I was probably seven or eight when I discovered hidden sites in our home where remnants of Dave existed.  I knew I was invading my parents’ privacy, but the need to see this evidence was more powerful than my guilt.  I dug and pried open everything I could find. I excavated the past as greedily as a grave robber for reasons I didn’t understand but couldn’t control.

I was constantly drawn to the photo albums in the closed cabinet downstairs.   I waited until my mom was vacuuming upstairs and opened the cabinet door like a thief.  If I heard her footsteps on the stairs, I shoved the album back in. The black pages were fragile and held together with gold cord, and I was careful not to tear them.  If one of the photos slipped out of the little white triangle, I knew how to tuck it back inside without bending it. I marveled at how my dad measured and glued the corners to ensure a perfect fit.  He wrote dates but no captions, so I created the story myself.

  October 1956.  Dave wears a baby-size baseball uniform.  

 June 1958.  Dave stands on top of a mound of dirt in the backyard.  He is leaning on a small shovel like a man.  

July 1958. Two pictures side by side in the album show Dave sleeping on the bottom of a wood bunk bed with a bedspread of cowboys and Indians and our dog Kelly curled up at his feet.  In the second picture, Kelly has claimed the pillow and Dave is now curled at her feet. Whoever took this picture thought it was funny. And it is. But there is no one there to smile with me.  

April 1960.  Easter morning, and Dave stands in his bunched up slacks and holds my sister’s hand.  She smiles because she is wearing a white bonnet and black patent leather shoes.  

January 1960. Dave is surrounded by birthday presents and a swaddled baby sleeps in my grandma’s lap.  The baby is me

October 1960.  I clutch a coffee table and cry as I struggle to stand.  In the next picture I have plumped to the floor and am smiling.  

When my dad glued these pictures side by side, he must have laughed.  So I pointed at the first, then the second.  “She cried when she was walking, and smiled when she fell!”  But there was no one there to laugh with me about my first steps.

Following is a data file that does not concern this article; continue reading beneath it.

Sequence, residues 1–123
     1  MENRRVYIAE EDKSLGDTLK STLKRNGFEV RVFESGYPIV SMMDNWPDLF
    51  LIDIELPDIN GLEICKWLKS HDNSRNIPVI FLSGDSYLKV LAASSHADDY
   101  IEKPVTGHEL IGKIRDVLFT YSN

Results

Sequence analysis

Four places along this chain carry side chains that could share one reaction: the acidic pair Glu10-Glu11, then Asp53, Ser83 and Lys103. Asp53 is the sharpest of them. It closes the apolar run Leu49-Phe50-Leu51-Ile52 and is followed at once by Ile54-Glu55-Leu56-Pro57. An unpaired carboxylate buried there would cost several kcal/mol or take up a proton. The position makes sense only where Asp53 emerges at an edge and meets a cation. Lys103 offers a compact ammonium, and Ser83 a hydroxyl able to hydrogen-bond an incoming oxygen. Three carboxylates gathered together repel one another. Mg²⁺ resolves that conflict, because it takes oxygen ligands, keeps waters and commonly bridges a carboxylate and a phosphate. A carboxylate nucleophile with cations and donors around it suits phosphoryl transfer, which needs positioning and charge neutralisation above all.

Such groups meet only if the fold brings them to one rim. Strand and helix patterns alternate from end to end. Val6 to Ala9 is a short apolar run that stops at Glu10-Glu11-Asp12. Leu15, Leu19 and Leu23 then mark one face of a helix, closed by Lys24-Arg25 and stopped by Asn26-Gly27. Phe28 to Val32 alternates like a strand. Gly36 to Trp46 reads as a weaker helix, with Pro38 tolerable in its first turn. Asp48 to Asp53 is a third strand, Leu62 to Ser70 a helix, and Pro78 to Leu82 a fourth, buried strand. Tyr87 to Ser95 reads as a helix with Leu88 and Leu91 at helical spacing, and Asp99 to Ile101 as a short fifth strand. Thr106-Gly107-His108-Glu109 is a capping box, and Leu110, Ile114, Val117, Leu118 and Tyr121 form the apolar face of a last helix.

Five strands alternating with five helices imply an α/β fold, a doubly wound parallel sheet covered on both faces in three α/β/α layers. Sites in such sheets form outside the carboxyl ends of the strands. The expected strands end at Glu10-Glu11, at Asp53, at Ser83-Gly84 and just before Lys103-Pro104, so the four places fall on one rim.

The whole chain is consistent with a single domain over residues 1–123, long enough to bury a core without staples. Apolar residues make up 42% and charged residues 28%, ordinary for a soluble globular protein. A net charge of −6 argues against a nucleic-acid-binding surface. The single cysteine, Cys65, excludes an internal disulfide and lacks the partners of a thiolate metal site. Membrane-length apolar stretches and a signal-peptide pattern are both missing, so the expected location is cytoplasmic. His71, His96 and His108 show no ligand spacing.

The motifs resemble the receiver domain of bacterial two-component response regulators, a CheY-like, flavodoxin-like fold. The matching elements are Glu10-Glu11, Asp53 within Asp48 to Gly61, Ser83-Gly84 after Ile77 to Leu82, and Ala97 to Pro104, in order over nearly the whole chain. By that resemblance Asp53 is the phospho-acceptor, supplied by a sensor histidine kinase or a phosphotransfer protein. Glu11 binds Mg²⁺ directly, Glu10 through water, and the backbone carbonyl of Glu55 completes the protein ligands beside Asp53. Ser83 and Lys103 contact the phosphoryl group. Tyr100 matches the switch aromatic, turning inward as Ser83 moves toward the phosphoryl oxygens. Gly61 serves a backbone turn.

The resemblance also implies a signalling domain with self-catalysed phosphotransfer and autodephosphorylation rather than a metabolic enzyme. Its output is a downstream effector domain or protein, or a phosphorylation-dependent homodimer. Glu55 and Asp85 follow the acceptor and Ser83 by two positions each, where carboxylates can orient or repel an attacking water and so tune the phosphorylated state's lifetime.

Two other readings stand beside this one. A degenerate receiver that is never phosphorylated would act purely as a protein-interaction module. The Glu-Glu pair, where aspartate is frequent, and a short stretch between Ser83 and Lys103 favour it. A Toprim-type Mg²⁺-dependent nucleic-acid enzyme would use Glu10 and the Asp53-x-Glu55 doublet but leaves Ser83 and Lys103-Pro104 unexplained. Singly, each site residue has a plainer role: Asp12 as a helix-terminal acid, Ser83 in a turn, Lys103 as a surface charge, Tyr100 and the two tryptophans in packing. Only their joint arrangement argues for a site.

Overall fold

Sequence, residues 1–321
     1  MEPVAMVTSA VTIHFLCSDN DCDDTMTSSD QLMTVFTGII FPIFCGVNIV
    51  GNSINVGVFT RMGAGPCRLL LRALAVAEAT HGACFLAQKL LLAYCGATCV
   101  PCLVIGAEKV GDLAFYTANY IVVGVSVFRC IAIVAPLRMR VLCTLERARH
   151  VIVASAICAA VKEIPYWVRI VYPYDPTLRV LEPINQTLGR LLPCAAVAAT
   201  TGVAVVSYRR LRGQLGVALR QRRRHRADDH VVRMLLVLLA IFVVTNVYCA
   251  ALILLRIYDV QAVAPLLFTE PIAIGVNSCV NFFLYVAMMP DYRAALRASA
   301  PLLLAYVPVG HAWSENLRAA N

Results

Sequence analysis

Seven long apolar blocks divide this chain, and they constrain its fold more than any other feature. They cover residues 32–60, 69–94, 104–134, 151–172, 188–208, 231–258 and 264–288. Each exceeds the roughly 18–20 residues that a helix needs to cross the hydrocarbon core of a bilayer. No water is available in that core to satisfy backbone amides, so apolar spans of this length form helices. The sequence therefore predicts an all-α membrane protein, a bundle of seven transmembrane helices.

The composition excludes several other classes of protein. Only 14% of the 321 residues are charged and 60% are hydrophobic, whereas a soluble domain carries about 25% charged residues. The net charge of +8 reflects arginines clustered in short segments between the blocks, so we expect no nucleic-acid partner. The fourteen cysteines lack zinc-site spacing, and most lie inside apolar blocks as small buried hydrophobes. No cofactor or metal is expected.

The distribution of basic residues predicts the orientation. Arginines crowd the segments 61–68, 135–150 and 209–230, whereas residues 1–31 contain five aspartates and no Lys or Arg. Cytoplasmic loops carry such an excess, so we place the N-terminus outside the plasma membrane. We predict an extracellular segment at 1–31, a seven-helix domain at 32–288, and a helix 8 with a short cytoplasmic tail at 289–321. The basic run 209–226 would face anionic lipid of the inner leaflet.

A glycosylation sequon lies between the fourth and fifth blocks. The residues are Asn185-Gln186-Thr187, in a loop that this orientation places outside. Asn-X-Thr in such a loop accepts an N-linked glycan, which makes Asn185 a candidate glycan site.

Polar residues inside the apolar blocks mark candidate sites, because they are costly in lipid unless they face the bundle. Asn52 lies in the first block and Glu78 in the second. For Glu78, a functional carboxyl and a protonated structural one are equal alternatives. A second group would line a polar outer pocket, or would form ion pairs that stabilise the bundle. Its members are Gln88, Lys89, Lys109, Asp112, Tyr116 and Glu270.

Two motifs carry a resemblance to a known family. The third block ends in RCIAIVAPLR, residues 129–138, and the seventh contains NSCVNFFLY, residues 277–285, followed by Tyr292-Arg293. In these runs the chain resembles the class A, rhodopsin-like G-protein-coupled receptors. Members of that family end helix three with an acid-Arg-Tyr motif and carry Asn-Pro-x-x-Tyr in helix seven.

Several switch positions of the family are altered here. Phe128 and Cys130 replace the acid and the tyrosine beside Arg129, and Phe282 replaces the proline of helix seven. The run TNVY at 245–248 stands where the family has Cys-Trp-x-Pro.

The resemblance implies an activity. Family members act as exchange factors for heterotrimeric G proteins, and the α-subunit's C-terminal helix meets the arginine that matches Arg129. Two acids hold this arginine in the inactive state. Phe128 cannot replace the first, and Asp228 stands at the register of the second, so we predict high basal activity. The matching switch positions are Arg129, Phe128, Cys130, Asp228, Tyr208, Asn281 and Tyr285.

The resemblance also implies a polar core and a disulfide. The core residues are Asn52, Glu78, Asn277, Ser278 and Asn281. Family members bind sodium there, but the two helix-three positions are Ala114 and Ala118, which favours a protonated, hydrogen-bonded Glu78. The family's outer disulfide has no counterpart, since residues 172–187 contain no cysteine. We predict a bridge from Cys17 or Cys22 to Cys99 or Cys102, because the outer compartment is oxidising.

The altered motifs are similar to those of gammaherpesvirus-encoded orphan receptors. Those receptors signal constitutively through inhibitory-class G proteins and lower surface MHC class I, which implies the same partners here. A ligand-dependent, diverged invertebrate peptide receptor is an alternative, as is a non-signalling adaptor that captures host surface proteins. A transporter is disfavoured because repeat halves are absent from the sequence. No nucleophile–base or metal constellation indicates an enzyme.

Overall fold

December 1961.  Christmas photos suddenly bloomed into technicolor.  Mom’s auburn hair and emerald green dress showcased her porcelain neck and arms.  My sister’s blue dress rode up over her skinny legs as she sat in my dad’s lap. Dave looked sideways and I thrust my head forward like a baby chick.  Every photo was alive with energy and movement.  

I was hungry not just for memories, but for my place in them.  I needed to see evidence of a childhood before it was poisoned by pain. So I studied my Christmas dress with lace hem and my black patent leather shoes, the doll I received for my second birthday that was bigger than me.  I admired the matching outfits my mom bought for my sister and me, at how they coordinated with Dave’s slacks and white shirt. I liked how I sat on the floor, with one leg tucked up so my lace hem bunched up over my socks.

 December 1963Dave, Randi and I sit in front of the Christmas tree in our pajamas. We touch our heads together and smile.

I looked for familiar toys under the tree:  Lincoln logs, a curly-haired baby doll in a stroller. My white-blonde hair tousled was from sleep, and I tried to reconstruct how it felt to pad into the living room in my slippers and see the tinseled tree filled with presents. 

There were no pictures between October 1964 and June 1965.  The only picture of myself at five was with the department store Santa.  My sister’s eyes were haunted and she clutched her hands. I looked at the camera calmly.  This was three months after Dave died. Did I know what happened to us?  

Under the stairs was a small storage closet I turned into a reading nook with a bath rug, pillows and lamp.  It was here that I stumbled on an unmarked box buried in the back. The lid wasn’t taped shut, so I eased open the flaps and aimed a flashlight inside.  A small house made of popsicle sticks. A Mother’s Day card with a small child’s scrawl. A clay handprint. A studio portrait of Dave at seven, his hands folded in front of him.  His bright eyes were looking at someone to the side, and his smile was full of laughter. Whenever I was secluded in my private cave, I opened this box and lifted the lid of the popsicle stick house.  Opened the Mother’s Day card. Ran my fingers over the indentation of the little hand. Then placed them back in their precise places, closed the box and slid it back under the stairs. 

My explorations left me shaking with fear and shame.  At four years old, I was so untouched by Dave’s death I referred to him as That Boy Who Died.  But my parents were so devastated by the loss of their child they still couldn’t face it. What right did I have to wallow in the grief they owned, to desecrate a grave they wanted to leave buried?  

On the top shelf of my mom’s bedroom closet were three pastel books with soft nylon covers.  Pink for my sister, white for me, blue for Dave. My dad’s block printing alternated with my mom’s rushed cursive as they took turns recording their lives as parents. 

 My mom wrote, “Randi learned to creep when she was 6 1/2 months old–the beginning of my troubles.” 

 My dad wrote “Randi is about the smartest little thing–by nine months, she could drink out of a straw, eat a popsicle, and fight with Dave over Alpha-Bits.”  

I was more interested in my book, though it had fewer entries. Each sentence provided clues to who I was, and who I might have been.  

“Darcy is the laughingest baby I have ever seen.  She likes everyone and smiles until she can’t smile any wider.  She laughs and laughs–especially at her brother and sister, they are pretty good for babysitting.”  

I liked that I laughed a lot, that I liked strangers, that my brother and sister made me laugh.